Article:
... months, spreading through the dense forests which belt the mountain, crept slowly shorewards, threatening this beautiful portion of Hawaii with the fate of the Cities of the Plain. For five months the inhabitants watched the inundation, which came a little nearer every day. Should they flee or not? Would their beautiful homes become a waste of jagged lava and black sand, like the neighboring district of Puna, once as fair as Hilo? Such questions suggested themselves as they nightly watched the nearing glare, till the fiery waves ...
— Complete Story of the San Francisco Horror • Richard Linthicum

... Caxamarca, a tunnel is still visible, which they excavated in the mountains, to give an outlet to the waters of a lake, when these rose to a height in the rainy season that threatened the country with inundation.19 ...
— History Of The Conquest Of Peru • William Hickling Prescott

... memorial of this great inundation at Sennen Cove, near the Land's End, where for centuries stood an ancient chapel which it was said a Lord of Goonhilly erected as a thanksgiving for his escape from ...
— Legend Land, Volume 2 • Various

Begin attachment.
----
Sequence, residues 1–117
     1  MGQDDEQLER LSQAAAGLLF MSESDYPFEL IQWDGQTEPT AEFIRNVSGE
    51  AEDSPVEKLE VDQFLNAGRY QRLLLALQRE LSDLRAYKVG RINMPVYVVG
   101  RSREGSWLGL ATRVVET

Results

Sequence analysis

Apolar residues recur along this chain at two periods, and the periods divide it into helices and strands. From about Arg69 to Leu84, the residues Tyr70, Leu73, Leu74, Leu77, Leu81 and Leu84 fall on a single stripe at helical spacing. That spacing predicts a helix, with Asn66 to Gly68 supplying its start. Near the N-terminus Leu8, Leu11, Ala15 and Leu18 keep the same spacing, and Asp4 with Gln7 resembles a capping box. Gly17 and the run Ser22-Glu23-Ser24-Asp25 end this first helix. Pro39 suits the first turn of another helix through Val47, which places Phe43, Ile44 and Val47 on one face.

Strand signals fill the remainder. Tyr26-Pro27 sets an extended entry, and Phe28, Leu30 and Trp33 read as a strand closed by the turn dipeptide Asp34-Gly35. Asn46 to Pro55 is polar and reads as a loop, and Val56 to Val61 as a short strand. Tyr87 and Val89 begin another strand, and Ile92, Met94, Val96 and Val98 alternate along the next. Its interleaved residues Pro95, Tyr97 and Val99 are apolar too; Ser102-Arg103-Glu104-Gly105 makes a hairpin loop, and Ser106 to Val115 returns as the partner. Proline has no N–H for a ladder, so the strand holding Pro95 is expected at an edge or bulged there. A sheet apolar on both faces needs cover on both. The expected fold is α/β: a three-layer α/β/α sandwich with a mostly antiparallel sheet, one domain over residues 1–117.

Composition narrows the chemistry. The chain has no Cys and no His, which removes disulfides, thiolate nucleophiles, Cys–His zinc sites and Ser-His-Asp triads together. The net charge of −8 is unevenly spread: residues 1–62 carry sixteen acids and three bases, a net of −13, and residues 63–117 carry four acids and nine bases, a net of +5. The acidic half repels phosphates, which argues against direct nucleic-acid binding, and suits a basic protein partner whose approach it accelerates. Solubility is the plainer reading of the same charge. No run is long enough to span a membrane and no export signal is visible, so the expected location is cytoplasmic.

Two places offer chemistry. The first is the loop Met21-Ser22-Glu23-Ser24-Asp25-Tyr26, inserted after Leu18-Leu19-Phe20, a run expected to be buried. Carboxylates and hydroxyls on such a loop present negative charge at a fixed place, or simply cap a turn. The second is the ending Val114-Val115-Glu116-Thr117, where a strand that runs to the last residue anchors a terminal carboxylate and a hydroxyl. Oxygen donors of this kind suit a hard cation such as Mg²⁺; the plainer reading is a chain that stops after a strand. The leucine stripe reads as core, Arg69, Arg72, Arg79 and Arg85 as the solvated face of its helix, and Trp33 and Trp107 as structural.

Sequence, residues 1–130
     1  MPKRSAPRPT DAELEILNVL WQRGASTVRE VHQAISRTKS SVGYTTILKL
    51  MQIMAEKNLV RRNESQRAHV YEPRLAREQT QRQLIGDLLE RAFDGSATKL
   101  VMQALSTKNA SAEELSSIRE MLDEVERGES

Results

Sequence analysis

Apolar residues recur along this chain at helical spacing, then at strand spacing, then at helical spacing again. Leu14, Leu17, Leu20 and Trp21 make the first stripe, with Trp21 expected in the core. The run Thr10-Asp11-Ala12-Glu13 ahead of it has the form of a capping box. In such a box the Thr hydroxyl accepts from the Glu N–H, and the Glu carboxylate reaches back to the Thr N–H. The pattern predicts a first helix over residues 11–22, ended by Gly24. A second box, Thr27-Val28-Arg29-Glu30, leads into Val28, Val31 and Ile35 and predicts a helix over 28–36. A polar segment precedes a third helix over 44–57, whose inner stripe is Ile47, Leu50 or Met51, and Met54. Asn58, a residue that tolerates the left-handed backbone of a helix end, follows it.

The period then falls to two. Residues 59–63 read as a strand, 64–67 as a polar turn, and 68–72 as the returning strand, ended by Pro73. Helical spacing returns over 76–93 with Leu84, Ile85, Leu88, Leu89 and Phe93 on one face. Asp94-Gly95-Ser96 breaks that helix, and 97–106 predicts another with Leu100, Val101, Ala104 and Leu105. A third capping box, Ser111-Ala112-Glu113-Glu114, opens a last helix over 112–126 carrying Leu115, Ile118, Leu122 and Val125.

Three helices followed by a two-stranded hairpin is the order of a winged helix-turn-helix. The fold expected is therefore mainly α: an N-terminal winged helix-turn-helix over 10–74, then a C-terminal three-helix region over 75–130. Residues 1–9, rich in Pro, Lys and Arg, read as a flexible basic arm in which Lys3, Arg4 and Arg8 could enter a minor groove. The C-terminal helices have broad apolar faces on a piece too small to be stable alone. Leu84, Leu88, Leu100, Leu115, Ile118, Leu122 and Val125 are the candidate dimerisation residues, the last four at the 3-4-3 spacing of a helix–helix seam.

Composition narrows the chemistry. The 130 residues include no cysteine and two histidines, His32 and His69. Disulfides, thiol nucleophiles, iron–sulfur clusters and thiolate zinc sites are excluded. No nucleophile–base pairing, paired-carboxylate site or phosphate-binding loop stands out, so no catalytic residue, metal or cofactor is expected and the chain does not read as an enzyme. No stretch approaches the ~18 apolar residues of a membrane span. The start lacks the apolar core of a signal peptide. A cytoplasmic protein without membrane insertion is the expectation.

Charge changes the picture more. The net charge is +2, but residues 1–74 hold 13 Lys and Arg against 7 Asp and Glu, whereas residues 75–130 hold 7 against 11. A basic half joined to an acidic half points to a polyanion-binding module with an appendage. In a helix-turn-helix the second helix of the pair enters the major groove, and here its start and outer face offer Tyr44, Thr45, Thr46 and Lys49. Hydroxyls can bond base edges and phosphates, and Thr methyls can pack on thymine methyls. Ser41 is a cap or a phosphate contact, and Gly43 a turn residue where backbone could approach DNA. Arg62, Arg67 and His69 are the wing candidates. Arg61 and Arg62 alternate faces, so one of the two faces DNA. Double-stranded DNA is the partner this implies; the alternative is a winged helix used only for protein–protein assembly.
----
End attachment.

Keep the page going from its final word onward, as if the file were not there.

... would appear from the journals kept that a great portion of the country on the west coast of the York Peninsula, especially in the locality of the Mitchell River, is at times (I presume periodically) subject to inundation; the water, however, soon disappears from the flat and sandy land, and for the greater portion of the year, till the next rainy season, the country is destitute of water, and in other respects little ...
— The Overland Expedition of The Messrs. Jardine • Frank Jardine and Alexander Jardine

... notions. The Church was all against this family. They were, as I say, glad to encourage any friends; and therefore, since their accession, there is no instance of any man being kept back on account of his bad principles; and hence this inundation of impiety.' I observed that Mr Hume, some of whose writings were very unfavourable to religion, was, however, a Tory. JOHNSON. 'Sir, Hume is a Tory by chance, as being a Scotchman; but not upon a principle ...
— The Journal of a Tour to the Hebrides with Samuel Johnson, LL.D. • James Boswell

... covered with a mantle of living green. The sun passed us on his way south without causing a flood, so all our hopes of a release were centred on his return towards the Equator, when, as a rule, the waters of inundation are made to flow. Up to this time the rains descended simply to water the earth, fill the pools, and make ready for the grand overflow for which we had still to wait six weeks. It is of no use to conceal that we waited with much chagrin; for had we not been forced ...